Barracuda Warns Of Phishing Scams Using Word, Excel Documents

Barracuda has flagged several cybersecurity threats through its new advisory platform Barracuda Security Insight.

It has, for example, seen an uptick in PDFs containing malware. And it has posted what it calls a critical alert about cyber felons attempting to steal user passwords with attached Word or Excel documents that appear to be tax forms or other official documents.

In one attempt that apparently targets Canadians, attackers urge the recipient to open an attached Word document titled “taxletter.doc.” 

“We are apprising you upon the arisen tax arrears in the number of 2300CAD. We likewise remind you that according to the tax key of Canada, any of your revenue outward of Canada is ratable. In order to get away, miss litigation and punishment accrual the duty must be return before February 13, 2018. You can look for more details in the document.”

These emails will typically have a subject line that says "taxletter.doc."



Another urgent-sounding email reads: "Dear Sir, Please fine the attach PO and arrange the material at earliest. Offer Validity: 7 days."

In another instance, the attachment is an innocent-looking Excel file.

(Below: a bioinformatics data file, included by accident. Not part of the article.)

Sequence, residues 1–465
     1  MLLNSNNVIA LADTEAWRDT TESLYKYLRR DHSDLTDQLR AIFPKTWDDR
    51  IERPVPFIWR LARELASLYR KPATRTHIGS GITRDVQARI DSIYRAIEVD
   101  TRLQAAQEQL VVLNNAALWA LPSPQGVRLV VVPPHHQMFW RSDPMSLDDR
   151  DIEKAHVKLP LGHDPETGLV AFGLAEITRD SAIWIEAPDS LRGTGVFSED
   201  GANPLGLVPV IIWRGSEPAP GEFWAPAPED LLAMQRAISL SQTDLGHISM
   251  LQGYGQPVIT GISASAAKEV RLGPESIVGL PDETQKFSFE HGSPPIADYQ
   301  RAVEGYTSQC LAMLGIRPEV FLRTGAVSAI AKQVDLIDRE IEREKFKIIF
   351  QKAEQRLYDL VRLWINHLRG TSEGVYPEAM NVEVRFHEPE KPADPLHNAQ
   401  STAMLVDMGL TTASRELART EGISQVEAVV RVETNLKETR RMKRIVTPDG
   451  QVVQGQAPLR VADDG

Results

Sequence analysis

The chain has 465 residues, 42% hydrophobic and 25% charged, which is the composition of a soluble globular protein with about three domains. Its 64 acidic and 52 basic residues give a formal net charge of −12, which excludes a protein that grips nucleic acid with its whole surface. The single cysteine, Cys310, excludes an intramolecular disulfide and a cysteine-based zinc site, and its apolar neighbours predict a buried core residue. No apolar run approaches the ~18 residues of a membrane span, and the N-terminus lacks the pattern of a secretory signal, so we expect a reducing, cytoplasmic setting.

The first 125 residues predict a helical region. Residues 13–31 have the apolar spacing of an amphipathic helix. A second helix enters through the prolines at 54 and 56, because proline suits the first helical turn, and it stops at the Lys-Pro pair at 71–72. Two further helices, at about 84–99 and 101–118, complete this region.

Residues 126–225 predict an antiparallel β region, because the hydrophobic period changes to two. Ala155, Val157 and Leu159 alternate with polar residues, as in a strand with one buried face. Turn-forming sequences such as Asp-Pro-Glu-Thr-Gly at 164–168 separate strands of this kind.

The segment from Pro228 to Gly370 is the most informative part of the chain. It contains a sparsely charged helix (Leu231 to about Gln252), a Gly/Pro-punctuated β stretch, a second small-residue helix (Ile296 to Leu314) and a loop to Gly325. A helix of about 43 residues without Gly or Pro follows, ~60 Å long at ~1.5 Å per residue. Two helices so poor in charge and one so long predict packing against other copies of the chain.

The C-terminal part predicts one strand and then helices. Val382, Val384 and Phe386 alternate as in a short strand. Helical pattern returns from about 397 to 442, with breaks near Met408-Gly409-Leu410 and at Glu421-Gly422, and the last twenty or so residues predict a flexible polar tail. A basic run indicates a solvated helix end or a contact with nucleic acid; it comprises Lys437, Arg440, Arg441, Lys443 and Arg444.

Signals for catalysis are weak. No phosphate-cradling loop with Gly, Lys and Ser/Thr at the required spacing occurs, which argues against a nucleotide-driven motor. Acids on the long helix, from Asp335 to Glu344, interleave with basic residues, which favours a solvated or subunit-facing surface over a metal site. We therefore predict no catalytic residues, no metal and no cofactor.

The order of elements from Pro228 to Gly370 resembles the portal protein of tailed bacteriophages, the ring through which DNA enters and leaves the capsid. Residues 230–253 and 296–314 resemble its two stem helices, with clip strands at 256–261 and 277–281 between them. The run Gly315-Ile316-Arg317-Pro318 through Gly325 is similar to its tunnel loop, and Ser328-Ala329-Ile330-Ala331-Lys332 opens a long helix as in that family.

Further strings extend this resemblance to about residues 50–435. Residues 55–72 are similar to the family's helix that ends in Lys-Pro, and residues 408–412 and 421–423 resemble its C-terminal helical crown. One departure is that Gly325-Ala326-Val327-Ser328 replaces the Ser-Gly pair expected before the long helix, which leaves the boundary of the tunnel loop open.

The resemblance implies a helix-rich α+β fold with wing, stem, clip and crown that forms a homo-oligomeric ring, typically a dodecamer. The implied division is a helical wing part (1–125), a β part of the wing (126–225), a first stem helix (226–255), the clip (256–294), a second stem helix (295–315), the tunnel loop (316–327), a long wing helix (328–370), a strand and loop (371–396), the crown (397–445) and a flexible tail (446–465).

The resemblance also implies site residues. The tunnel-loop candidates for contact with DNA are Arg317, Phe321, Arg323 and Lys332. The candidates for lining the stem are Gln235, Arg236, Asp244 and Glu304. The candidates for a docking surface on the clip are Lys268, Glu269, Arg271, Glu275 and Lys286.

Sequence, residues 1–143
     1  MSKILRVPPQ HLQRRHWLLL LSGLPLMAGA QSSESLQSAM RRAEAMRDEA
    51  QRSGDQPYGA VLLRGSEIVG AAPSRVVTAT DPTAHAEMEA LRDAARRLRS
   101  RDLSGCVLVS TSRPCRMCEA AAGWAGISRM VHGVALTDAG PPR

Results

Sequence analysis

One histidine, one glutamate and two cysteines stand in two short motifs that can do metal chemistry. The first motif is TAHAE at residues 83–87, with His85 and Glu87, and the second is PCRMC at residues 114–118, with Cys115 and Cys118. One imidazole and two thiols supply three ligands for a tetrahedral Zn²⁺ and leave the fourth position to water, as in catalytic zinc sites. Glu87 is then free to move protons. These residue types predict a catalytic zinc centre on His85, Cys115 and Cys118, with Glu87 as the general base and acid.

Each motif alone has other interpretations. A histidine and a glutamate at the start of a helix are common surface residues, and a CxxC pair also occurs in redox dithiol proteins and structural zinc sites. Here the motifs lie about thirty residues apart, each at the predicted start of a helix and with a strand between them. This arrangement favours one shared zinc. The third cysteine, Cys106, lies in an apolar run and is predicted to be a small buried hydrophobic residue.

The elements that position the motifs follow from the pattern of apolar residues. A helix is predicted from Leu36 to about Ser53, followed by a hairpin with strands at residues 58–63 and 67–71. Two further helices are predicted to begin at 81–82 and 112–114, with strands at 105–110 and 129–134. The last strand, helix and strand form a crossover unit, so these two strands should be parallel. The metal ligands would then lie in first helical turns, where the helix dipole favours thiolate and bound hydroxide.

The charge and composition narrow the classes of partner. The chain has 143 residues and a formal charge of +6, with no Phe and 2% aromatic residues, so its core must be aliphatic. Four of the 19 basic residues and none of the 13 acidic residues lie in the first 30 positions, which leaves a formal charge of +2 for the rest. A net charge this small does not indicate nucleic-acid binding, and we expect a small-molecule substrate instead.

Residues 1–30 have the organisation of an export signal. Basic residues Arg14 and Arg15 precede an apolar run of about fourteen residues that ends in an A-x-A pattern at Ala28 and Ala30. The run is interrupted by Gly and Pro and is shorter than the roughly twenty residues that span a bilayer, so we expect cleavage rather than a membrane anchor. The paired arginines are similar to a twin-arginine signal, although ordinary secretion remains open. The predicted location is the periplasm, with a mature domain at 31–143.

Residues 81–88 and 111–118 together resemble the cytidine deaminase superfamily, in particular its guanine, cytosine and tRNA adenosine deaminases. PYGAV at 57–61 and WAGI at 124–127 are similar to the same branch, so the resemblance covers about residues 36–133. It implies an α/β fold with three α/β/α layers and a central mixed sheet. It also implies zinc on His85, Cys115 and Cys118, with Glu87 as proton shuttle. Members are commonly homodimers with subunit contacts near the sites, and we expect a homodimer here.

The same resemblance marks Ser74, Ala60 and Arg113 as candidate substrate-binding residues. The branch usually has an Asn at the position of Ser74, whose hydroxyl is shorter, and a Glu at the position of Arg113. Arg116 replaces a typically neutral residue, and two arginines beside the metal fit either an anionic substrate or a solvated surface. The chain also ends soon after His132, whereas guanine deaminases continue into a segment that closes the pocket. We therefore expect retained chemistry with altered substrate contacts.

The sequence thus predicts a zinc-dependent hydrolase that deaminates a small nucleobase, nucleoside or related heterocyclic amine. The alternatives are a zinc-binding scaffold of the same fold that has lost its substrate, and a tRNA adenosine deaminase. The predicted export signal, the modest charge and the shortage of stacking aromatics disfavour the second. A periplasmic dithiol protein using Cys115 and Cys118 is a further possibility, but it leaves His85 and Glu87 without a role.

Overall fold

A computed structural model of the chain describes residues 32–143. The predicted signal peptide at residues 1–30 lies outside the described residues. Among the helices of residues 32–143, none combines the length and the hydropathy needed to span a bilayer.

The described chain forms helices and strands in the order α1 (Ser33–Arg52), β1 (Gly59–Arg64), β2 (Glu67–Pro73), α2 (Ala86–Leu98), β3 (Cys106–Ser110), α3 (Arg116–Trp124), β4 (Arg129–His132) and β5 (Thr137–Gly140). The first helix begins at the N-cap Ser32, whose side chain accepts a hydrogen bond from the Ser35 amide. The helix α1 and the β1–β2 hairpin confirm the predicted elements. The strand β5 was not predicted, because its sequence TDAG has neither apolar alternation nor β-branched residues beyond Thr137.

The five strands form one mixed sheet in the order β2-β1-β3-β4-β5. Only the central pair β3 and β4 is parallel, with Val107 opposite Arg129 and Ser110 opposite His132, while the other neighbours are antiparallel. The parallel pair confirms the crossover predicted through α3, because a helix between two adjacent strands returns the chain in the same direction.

Recipients are familiar with these file types and will often open them without suspecting anything is wrong, Barracuda states. But they could end up with their passwords being stolen and placed onto the “booming black market” for stolen passwords. 

Thanks to the widespread use of software that stores passwords — i.e., via browsers — many passwords are vulnerable to theft. Password management solutions compound the problem, since passwords are sitting on users’ computers waiting to be stolen, Barracuda claims.

These passwords can be monetized, based on what services they open. For example, banking passwords can enable criminals to transfer funds. Email and social-networking passwords can be used for spamming and phishing attempts. Moreover, email addresses can be placed on lists and sold to spammers. 

The company adds that spammers have devised methods to evade security measures, especially "the more naive approaches, such as simply blocking certain file types. "

The solution for companies is to train employees and to "layer" that training with a sandboxing and advanced threat solution, Barracuda claims.



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